When universities are forced to compete with one another, they must provide the best programming possible or risk losing the best students. The Ontario government’s movement toward specialization risks making “the best students” analogous with “the most privileged students” in narrowing the opportunities a post-secondary education is capable of providing.
Moving forward with its plan for specialization, the government is forcing universities and colleges to focus on improving specific programs in order to continue to receive funding. On the surface, the funding will improve programs universities are already known for, ensuring they are able to provide the best resources and programming possible.
But as the competition drops, what is the motivation to ensure the program is actually the best? If the program is the only one, how can anyone judge if it’s the best it could be? While the government will certainly be monitoring the success of each program’s graduates, without anything to measure their success against, how will they determine what it looks like?
While the idea is to move universities and colleges away from trying to be all things to all students, there is value in providing programs that aren’t what the institution is “known for.” Students choose schools for a variety of reasons and not everyone has the luxury of being able to relocate for a specialized program. And after graduation, not everyone has the means to relocate in order to escape the now over-saturated market of specialized professionals in the city they all had to move to for their education.
If a student wants to reduce debt by staying home, this means they have may have to choose a different program, or more troubling, choose a program that is officially recognized by the government as being less good, making them less competitive in the long run.
Of course this already happens, with some programs having better reputations than others. But having these reputations created and monitored by the government makes it more difficult for universities to be flexible in meeting market needs and returns us to the question of how we evaluate the success of these programs.
Without funding, what is the incentive for the university to continue providing less reputable programs? Tuition does not actually cover all of the costs of running the university. The U of O has had to raise tuition for nine consecutive years partially because government funding has been reduced. Evidently, having interested students is not enough.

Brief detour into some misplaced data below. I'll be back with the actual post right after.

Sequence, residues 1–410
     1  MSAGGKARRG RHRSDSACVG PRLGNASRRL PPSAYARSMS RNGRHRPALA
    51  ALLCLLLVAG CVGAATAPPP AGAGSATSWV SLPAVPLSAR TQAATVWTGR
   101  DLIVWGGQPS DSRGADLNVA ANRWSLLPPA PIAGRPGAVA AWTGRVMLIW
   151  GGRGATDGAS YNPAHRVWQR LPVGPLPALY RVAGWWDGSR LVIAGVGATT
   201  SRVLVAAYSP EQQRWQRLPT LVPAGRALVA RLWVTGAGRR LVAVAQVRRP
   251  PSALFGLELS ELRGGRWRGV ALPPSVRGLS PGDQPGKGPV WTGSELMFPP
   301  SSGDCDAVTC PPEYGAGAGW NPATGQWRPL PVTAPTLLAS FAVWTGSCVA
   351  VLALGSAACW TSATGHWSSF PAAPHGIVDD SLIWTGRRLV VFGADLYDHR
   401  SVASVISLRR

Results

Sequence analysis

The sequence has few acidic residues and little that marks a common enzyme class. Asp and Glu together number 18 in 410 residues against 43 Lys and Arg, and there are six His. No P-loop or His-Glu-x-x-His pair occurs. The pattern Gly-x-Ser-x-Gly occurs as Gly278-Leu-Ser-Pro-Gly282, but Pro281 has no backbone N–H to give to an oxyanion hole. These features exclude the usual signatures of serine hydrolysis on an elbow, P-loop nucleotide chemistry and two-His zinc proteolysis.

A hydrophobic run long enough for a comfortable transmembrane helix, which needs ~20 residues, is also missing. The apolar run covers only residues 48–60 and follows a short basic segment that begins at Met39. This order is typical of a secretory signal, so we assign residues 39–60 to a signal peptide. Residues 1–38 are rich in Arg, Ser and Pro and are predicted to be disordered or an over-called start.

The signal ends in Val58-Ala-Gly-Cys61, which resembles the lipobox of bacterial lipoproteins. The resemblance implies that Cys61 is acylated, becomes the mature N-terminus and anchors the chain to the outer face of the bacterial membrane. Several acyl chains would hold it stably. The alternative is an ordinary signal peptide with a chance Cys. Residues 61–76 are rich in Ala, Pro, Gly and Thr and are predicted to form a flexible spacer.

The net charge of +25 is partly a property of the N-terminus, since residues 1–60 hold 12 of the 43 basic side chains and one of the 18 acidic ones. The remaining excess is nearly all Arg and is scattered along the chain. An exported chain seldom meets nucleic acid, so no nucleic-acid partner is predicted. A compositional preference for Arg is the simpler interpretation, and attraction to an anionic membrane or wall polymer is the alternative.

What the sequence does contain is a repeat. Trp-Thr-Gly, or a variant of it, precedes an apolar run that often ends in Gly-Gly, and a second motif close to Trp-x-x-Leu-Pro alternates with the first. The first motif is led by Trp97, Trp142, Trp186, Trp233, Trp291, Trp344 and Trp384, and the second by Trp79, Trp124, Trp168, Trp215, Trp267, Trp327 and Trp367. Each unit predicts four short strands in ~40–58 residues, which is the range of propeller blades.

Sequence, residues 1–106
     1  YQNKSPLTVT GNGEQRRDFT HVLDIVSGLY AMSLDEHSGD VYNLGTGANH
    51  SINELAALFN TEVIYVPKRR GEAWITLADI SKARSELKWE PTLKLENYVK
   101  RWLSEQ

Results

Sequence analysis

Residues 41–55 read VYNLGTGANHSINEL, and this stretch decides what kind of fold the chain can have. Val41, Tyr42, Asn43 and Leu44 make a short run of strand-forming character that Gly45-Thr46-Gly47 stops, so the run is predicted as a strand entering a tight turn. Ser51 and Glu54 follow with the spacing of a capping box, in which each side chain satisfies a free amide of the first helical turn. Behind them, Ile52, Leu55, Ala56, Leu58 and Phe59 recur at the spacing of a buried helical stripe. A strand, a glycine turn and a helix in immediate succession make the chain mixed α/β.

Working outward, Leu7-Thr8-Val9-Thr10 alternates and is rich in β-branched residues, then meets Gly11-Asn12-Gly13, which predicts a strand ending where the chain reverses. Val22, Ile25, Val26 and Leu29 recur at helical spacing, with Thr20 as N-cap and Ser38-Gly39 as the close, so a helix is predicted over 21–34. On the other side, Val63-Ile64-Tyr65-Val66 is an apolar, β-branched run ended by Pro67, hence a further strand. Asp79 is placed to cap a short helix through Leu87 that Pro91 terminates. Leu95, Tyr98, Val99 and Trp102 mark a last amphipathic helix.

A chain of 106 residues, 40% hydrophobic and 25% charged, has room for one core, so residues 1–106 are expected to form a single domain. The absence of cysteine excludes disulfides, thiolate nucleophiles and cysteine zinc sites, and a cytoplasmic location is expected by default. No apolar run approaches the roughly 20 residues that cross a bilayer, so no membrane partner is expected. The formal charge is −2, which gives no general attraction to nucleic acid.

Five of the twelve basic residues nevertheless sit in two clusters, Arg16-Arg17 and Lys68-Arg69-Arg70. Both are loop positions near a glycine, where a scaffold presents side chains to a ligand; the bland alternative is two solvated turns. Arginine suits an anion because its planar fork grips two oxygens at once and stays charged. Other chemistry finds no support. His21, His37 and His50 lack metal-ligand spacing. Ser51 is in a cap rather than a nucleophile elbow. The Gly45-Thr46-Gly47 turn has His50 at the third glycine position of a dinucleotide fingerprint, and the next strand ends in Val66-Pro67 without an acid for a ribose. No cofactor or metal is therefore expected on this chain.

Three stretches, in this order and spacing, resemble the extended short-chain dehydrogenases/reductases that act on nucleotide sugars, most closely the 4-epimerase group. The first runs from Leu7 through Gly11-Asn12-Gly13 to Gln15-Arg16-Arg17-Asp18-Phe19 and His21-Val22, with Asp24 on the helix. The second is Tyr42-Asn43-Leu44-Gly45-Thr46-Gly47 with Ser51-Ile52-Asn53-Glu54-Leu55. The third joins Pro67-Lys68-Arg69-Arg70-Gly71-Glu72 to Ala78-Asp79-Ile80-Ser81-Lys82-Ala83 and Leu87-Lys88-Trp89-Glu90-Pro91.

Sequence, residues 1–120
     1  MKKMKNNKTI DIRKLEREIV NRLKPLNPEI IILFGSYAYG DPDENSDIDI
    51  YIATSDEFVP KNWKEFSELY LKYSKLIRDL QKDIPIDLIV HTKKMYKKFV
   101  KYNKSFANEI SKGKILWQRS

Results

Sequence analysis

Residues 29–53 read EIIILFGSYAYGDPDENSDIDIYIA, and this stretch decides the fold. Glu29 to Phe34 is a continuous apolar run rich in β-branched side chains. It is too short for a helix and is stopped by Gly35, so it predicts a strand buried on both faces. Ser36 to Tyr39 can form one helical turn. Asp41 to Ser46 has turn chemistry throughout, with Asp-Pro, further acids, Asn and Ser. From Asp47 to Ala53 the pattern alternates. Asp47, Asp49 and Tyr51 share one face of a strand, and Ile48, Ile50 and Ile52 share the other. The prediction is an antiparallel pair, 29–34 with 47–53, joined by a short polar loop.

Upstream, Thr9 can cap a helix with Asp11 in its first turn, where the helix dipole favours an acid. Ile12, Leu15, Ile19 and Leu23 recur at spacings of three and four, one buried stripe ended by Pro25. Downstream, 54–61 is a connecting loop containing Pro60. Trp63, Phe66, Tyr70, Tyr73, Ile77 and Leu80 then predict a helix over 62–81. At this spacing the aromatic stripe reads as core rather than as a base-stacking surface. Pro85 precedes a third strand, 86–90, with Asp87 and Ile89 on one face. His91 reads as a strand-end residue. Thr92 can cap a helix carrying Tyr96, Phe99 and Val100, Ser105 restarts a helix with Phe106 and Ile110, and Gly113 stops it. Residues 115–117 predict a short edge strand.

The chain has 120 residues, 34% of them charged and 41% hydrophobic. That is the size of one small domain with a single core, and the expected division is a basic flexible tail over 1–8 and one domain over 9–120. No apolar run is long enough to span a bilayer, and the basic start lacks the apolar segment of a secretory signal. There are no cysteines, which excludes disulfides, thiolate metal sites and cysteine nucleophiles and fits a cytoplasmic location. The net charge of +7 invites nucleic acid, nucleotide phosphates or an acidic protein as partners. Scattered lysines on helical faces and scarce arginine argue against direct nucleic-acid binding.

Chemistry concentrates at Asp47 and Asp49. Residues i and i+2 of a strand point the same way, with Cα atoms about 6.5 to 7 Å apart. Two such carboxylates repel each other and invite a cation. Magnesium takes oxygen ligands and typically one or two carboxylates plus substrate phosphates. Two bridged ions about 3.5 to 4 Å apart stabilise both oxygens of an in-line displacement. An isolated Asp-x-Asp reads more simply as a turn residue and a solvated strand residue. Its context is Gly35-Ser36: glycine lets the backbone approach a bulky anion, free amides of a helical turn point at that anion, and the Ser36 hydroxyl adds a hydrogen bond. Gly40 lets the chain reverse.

At the University of Ottawa, the journalism program was suspended and restructured with a new focus on digital journalism because they were not maintaining competitiveness in a city with two other well respected post-secondary journalism programs. The new program promises a new focus and brings something different to the city and to the campus, while still allowing the U of O to provide the program to their students.
With degree specialization, postsecondary institutions are only allowed to choose five programs to expand using their funding. Would the U of O have been motivated to restructure the program to attract students or would they have given up and allowed Carleton and Algonquin to claim funding, rather than providing a better program?
Finding employment is also impacted by the contacts one makes. University can be an excellent opportunity to gain contacts in the local community. If a majority of graduates in a particular field are starting out in the same city, competition is strong and many will be forced to relocate. Aside from the financial strain of relocation, there is also the barrier of establishing new networks. It provides a huge immediate advantage to those with financial advantages. They will find it more easy to move and may not be forced to work more than 40 hours weeks at minimum wage to survive, thus providing them with time to rebuild their professional network in their chosen field.
Students also choose universities for athletic programs. The U of O has 11 varsity teams and and 20 competitive clubs, representing a large number of students overall. For universities hoping to attract top athletes to their schools, recruitment becomes a problem. Coaches looking for great athletes are not only selling them on the team, the location, and the atmosphere of the school, but now have to look for talented players who also have an interest in that school’s specialized programming.
Access to loans has allowed many more students to attend university than in the past. While some lament this, looking at new realities like some retail management positions requiring bachelor’s degrees as minimum qualifications, a more pressing reality is that the Canada we live in has a market more directed by services and technology than manufacturing and labour.
Specialization has the potential to create a new gap between rich and poor. Instead of only the rich receiving degrees, as in the past, we’re looking at only the rich being able to afford to relocate for the more competitive degrees or only the rich being able to make use of those degrees when student loan payments kick in six months after graduation.
Financial hardship isn’t a badge of honour the government should strive to reward, but setting up a system that adds to that hardship isn’t something we should support either. More people have access to degrees than ever and we’re all still required to work hard and make contacts if we hope to have a chance at success. Having the government undermine those efforts seems like an effort to fix an aspect of the system that didn’t seem to be broken.